The National Institute on Alcohol Abuse and Alcoholism

The National Institute on Alcohol Abuse and Alcoholism (NIAAA) National Advisory Council defined binge drinking as pattern of alcohol drinking which makes the Blood Alcohol Concentration (BAC) to 0.08 gram-percent or above.  For males this would correspond to 5 drinks or more and for females, 4 drinks or more in just 2 hours.

There are a lot of factors which account for college drinking.  This might be attributed to the type of institution that the student is in – data might vary from public to private universities and from gender exclusive to coeducational colleges.

 However, it can also be noted from some researches that students who enter colleges are more prone to heavy drinking as compared to those who did not go to college.  Another factor would be the location of the educational institution, from which several issues arise like alcohol’s availability, its price and marketing and other locally known alcohol-related traditions.

Colleges have a rich history of tradition in which alcohol is the focal point of the event.  This might also be influenced by the alumni, who have powerful voice with such activities.  Another important factor to consider is the measurement of an objective data indicated by the Blood Alcohol Concentration (BAC) levels, which is used for evaluation of the accuracy of self-reports made by students.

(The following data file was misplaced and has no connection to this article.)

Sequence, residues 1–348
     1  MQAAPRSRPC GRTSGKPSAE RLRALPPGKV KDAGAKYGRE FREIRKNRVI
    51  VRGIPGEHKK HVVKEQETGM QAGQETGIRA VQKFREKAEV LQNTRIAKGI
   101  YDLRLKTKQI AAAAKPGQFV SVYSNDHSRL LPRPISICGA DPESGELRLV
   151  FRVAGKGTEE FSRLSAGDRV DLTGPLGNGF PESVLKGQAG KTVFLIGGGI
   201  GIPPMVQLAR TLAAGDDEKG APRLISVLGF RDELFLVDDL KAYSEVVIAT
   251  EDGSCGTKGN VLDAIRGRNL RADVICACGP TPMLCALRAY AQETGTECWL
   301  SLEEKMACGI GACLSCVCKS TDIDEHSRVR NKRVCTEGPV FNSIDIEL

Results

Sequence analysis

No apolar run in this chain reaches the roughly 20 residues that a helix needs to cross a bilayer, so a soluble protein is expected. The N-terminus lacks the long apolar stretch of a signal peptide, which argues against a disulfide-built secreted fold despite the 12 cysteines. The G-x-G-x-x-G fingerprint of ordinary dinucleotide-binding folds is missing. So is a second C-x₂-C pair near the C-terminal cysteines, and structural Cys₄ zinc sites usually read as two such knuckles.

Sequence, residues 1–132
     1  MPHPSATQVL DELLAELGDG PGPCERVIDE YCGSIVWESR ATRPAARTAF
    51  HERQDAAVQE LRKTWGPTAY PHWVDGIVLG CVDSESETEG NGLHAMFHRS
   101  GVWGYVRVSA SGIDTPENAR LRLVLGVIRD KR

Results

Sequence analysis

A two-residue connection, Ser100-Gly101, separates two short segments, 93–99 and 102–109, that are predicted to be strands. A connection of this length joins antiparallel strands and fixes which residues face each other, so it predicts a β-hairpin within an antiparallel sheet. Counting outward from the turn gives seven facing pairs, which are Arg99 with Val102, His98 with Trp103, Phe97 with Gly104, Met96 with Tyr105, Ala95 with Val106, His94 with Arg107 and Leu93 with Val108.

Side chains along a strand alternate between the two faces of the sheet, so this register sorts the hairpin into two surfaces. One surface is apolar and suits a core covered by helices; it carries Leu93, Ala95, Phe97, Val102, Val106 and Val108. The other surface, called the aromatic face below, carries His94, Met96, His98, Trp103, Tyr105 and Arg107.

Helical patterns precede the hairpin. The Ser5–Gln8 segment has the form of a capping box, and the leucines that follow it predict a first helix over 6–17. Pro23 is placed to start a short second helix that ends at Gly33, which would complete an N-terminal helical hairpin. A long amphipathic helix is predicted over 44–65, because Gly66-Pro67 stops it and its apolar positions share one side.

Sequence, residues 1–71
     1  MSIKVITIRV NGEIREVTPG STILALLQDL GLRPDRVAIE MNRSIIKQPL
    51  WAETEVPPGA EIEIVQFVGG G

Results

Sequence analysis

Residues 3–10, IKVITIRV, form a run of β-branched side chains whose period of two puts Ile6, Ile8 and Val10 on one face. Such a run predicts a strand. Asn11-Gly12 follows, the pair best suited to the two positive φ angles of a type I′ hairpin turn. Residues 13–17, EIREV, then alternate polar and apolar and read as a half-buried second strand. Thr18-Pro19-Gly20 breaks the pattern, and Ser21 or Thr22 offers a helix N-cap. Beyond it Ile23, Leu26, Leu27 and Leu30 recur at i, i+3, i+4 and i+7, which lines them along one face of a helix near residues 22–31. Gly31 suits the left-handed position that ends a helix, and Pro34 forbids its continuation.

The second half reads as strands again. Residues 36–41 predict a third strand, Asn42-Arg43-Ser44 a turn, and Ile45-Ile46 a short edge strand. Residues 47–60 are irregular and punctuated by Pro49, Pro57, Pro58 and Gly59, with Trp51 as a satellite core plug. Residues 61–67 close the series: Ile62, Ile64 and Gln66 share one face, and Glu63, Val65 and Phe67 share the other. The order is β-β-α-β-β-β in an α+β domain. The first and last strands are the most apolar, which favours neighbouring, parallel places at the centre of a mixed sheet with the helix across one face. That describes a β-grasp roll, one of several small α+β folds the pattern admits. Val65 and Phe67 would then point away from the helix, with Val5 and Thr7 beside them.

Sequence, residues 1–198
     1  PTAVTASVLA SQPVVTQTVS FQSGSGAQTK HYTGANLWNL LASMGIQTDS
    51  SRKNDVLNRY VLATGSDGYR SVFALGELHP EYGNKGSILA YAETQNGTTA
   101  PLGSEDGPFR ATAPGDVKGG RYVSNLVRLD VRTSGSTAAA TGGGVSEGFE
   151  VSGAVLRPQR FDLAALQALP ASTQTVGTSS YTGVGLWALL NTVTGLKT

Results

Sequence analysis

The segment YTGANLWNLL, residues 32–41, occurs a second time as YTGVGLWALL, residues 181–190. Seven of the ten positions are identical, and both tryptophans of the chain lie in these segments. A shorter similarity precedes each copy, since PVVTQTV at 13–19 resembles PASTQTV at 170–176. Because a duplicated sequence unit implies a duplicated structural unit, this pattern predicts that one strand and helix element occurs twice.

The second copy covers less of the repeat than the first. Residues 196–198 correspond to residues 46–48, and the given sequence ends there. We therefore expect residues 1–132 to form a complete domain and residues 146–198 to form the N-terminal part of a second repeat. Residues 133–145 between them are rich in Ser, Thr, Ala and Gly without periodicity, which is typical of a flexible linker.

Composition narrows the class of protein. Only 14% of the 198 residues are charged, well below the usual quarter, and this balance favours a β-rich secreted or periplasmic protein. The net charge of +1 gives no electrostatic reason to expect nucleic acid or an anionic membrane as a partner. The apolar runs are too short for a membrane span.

Geography might also play an important role because according to a study conducted by Fullbright-Anderson, institutions which are more than one mile away from liquor shops have a low rate of heavy episodic drinking as opposed to those outlets within a mile.  Children of Alcoholics also have a high probability of becoming alcoholic themselves and are more at risk to have alcohol-related problems in the future.  (Baer, 2002)

In some institutions with predominantly black students, students have significantly lower rate of high-risk drinking as compared to predominantly white institutions.

Pascarella and Terenzeni with their study on How College Affects Students: Findings and Insights from Twenty Years of Research in 1991 noted that women enrolled in gender-specific campuses have less alcohol-related problems than for women who are in coeducational campuses.

Negative consequences  of alcohol misuse are academic impairment, damage to self such as blackouts/memory loss, personal injuries, fights, interpersonal violence, physical illnesses, unintended and unprotected sexual activity, suicide, sexual coercion, acquaintance rape victimization, impaired driving, legal repercussions, impaired athletic performance, damage to other people, property damage, vandalism, and institutional costs and damage.  (Perkins, 2002)

However, it seems that the most influential factor governing college drinking would be demographic variables combined with individual’s behaviour and personal values.  Peer pressure and one’s decision not to drink alcohol are directly related with environmental variables rather than one’s personal beliefs.  Shore found out that college life seems to be separated or insulated from the existing world.  (Presley, 2002)